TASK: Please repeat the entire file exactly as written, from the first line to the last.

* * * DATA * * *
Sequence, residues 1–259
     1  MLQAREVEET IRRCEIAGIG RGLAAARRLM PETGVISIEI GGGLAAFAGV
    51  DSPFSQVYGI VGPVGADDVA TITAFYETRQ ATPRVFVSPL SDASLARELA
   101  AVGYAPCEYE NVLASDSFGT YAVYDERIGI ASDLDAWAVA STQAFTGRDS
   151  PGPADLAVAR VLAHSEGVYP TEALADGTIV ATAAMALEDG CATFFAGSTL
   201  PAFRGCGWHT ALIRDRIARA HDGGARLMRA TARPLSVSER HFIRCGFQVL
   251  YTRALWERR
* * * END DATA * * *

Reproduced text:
Sequence, residues 1–259
     1  MLQAREVEET IRRCEIAGIG RGLAAARRLM PETGVISIEI GGGLAAFAGV
    51  DSPFSQVYGI VGPVGADDVA TITAFYETRQ ATPRVFVSPL SDASLARELA
   101  AVGYAPCEYE NVLASDSFGT YAVYDERIGI ASDLDAWAVA STQAFTGRDS
   151  PGPADLAVAR VLAHSEGVYP TEALADGTIV ATAAMALEDG CATFFAGSTL
   201  PAFRGCGWHT ALIRDRIARA HDGGARLMRA TARPLSVSER HFIRCGFQVL
   251  YTRALWERR